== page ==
Updated Dec 1, 2022

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Have yourself a less wasteful Christmas

On the 3rd day of Christmas you could get a taste, for recycling and reducing your waste!

Around this time of year, it is estimated that the UK produces 30% more waste than normal. This includes over 1 billion Christmas cards, which are discarded shortly after they are received, an estimated 227,000 miles of wrapping paper (created from around 50,000 trees) and around 114,000 tonnes of plastic packaging.

It is a similar picture in Ireland, with Repak estimating in 2021 that 100,000 tonnes of packaging waste is produced around this time.

But can we have a festive holiday and a less wasteful one? Of course we can! It can also be financially beneficial to be less wasteful and more mindful too. Here's a few simple tips to follow.


It is estimated by Wildlife and Countryside Link that the UK throws out the equivalent of four million Christmas dinners each year. That is roughly 263,000 turkeys, 7.5 million mince pies, 740,000 portions of Christmas pudding and 11.3 million roast potatoes - a staggering amount.

In Ireland, research conducted last year by Too Good to Go found that a much as 1.5kg of food per household could have been wasted last Christmas.


  • meat and vegetables will both freeze and reheat (as long as you do it safely following food hygiene guidelines), so there is no reason to throw any of it away;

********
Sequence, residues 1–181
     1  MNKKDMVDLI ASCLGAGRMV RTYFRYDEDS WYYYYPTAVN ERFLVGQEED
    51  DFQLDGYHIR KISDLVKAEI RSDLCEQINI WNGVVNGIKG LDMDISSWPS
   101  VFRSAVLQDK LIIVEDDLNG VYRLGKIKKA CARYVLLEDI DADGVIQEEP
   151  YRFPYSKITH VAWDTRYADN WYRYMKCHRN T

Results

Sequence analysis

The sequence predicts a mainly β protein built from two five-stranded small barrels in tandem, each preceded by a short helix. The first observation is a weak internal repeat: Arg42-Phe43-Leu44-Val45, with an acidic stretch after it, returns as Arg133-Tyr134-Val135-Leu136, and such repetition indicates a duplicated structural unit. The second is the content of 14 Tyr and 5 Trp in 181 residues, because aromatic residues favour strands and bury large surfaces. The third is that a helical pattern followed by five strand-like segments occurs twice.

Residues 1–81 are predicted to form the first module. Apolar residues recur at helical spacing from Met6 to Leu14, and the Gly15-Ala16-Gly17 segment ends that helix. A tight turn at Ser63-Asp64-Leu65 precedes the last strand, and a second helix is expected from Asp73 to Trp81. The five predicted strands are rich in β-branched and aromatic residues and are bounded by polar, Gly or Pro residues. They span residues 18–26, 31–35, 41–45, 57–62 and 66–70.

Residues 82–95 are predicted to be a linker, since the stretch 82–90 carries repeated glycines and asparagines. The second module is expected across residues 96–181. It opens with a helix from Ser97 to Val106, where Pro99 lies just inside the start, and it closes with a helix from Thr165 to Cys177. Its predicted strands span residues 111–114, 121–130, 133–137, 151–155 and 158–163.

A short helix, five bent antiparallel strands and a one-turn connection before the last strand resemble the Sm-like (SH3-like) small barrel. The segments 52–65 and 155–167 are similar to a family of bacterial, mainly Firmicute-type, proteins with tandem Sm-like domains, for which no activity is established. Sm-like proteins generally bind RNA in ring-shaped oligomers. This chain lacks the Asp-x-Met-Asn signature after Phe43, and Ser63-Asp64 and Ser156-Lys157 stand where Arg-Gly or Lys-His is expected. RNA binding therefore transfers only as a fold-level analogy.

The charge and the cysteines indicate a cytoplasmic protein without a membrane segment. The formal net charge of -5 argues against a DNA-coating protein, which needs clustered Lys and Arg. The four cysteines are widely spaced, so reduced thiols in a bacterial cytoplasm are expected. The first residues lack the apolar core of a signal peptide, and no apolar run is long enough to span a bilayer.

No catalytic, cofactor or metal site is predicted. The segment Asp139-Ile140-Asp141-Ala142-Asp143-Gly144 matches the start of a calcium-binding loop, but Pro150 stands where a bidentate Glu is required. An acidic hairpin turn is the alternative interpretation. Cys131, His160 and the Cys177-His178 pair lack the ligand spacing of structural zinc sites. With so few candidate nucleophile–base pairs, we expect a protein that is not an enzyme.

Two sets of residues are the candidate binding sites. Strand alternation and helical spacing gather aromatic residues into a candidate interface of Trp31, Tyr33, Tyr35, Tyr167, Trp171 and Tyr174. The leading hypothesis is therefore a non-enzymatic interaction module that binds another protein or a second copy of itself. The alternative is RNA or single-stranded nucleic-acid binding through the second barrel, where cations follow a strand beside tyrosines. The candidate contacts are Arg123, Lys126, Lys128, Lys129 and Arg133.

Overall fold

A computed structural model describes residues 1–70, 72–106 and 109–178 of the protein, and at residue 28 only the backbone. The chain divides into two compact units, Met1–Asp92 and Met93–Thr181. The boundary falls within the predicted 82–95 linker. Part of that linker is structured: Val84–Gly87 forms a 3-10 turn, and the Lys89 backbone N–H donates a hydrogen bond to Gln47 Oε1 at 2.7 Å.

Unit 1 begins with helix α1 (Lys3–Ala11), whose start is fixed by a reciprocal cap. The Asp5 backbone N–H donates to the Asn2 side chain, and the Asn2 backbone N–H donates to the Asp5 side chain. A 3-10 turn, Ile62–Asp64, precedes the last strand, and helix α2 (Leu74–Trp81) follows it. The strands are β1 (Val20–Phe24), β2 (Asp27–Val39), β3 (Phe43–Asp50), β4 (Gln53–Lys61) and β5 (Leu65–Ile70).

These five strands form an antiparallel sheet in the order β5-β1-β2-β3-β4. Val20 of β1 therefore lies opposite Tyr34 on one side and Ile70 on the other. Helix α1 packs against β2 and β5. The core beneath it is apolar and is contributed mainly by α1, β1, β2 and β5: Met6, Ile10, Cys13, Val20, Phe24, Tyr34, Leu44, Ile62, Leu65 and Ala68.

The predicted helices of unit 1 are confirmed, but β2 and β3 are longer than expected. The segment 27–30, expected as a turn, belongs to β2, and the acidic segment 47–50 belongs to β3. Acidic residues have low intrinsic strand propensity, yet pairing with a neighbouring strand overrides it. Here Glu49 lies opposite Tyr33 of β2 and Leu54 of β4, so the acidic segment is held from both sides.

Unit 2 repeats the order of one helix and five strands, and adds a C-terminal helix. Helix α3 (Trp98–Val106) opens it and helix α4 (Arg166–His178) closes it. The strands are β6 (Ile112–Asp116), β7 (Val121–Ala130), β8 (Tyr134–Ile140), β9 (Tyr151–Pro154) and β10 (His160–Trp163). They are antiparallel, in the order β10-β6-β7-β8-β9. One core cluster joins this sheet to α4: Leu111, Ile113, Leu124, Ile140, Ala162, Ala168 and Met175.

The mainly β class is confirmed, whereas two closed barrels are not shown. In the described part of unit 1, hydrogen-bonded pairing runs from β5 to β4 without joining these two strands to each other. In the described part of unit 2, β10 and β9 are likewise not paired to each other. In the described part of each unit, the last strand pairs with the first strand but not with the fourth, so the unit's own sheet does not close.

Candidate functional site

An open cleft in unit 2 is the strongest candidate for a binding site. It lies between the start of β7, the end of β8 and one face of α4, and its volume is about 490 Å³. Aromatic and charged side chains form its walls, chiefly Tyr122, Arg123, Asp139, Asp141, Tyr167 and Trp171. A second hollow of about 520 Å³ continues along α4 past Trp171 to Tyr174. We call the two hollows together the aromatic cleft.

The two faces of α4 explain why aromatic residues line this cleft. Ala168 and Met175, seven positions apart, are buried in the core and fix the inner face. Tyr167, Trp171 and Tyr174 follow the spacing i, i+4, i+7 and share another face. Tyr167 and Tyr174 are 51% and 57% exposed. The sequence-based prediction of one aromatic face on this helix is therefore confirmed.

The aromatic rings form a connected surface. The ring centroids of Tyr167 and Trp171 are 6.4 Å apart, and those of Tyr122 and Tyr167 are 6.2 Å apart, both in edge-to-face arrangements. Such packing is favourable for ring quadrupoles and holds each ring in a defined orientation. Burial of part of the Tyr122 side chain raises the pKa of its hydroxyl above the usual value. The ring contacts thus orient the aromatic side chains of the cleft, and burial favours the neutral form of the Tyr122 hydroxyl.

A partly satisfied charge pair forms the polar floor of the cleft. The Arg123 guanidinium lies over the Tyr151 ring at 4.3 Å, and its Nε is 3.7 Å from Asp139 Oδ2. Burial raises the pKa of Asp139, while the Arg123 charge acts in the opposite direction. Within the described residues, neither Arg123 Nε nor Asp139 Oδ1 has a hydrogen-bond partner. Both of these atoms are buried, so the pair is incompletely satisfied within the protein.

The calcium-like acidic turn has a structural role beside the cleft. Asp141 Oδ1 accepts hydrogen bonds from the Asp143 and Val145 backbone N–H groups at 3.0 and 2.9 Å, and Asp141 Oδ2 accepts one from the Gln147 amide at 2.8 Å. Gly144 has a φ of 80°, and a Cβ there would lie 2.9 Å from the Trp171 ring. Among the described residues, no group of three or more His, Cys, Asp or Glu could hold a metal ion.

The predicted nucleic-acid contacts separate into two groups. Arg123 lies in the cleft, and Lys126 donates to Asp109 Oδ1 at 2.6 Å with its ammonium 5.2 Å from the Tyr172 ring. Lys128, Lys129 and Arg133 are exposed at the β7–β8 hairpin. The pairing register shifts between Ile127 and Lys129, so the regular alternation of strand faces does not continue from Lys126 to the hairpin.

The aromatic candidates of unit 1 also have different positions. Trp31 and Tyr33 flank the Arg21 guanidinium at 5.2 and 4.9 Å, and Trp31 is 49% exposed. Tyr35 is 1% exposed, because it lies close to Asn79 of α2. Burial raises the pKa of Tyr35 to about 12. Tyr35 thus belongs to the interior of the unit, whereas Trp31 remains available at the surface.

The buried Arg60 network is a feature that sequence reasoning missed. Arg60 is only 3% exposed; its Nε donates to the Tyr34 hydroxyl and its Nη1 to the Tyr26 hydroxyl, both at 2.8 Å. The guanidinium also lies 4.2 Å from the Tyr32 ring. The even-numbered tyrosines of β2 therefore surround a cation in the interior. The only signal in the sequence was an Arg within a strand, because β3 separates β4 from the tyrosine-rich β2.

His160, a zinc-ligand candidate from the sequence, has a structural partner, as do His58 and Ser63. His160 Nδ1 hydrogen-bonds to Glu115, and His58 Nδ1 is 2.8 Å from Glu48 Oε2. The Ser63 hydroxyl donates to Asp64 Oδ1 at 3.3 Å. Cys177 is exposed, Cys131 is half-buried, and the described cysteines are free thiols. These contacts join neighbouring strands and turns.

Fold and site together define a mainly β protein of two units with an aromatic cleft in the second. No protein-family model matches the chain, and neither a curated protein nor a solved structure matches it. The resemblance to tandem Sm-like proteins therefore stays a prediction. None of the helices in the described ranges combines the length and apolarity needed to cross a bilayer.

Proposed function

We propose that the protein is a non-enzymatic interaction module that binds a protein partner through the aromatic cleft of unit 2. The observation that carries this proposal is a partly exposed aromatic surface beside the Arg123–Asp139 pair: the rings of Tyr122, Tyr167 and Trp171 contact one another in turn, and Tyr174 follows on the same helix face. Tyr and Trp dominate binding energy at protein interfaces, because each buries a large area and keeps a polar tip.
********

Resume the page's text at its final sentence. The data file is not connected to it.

• when putting leftovers in the fridge, use reusable covers and containers instead of clingfilm (a bowl with a plate over the top works too);
  • make a shopping list and only buy what you know you need;
  • buy fruit and vegetables loose - there is no need for the plastic bag. Buy them from local suppliers too for extra carbon footprint savings;
  • visit your local butcher for meat and, where possible, take your own reusable packaging, such as a large tupperware box;
  • if you can't re-use food, consider composting where possible.

Wrapping paper & cards

As mentioned above, we can waste a lot of valuable resources at this time of year on wrapping paper and Christmas cards. However, with small changes in habits (and less money spent) we can reduce or even cut out this waste entirely:

  • use reusable wrapping, such as gift bags;
  • only buy and use wrapping paper that can be recycled (think brown paper packages, and then get creative with festive stamps, pencils, pens);
  • avoid anything glittery - it means the paper can't be recycled and just ends up entering the environment as a microplastic;
  • think outside the box - use old magazines and newspapers for wrapping. It is certainly unique, and is just going to be thrown away anyway, so you may as well re-use the resource whilst you can;
  • keep ribbons safe and reuse them;
  • consider sending e-cards instead of Christmas cards. Even a simple phone call could mean more to someone than a card;
  • make your own Christmas cards using old card and paper. It could be a really fun and unique project.


Presents can be expensive, and will go to waste if unwanted. There is a real incentive to be sensible with presents this year - if not to cut down waste then to cut down costs. It is thought £4 billion is spent on unwanted gifts, which is around 60 million unwanted gifts every year! Consider:

  • home made gifts such as a scarf or baked goods. Even a jar of homemade jam could go down well;
  • negotiating with family and friends - they may not be in a position to buy things so don't add pressure to make needless purchases;
  • setting a spending limit. This will usually result in fewer (more meaningful) gifts bought and therefore less waste;